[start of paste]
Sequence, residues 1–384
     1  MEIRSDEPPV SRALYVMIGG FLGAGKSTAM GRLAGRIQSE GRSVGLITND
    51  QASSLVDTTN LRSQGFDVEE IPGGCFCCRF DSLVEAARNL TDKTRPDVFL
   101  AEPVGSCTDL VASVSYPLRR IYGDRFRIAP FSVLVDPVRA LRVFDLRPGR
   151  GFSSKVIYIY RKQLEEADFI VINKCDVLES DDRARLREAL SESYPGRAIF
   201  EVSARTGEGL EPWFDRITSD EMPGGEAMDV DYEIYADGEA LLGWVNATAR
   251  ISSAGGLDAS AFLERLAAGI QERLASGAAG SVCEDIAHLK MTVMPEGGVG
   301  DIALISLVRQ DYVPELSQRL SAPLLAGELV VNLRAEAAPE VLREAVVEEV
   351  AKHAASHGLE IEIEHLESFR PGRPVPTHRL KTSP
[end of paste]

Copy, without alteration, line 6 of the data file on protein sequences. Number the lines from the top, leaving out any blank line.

   201  EVSARTGEGL EPWFDRITSD EMPGGEAMDV DYEIYADGEA LLGWVNATAR